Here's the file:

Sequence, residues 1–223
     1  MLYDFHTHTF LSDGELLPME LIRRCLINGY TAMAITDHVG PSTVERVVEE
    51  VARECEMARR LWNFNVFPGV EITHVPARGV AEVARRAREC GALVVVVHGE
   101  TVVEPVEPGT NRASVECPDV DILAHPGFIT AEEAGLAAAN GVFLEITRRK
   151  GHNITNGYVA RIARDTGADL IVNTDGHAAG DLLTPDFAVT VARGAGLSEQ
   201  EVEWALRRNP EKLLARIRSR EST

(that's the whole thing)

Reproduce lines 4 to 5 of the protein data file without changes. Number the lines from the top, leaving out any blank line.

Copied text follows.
   101  TVVEPVEPGT NRASVECPDV DILAHPGFIT AEEAGLAAAN GVFLEITRRK
   151  GHNITNGYVA RIARDTGADL IVNTDGHAAG DLLTPDFAVT VARGAGLSEQ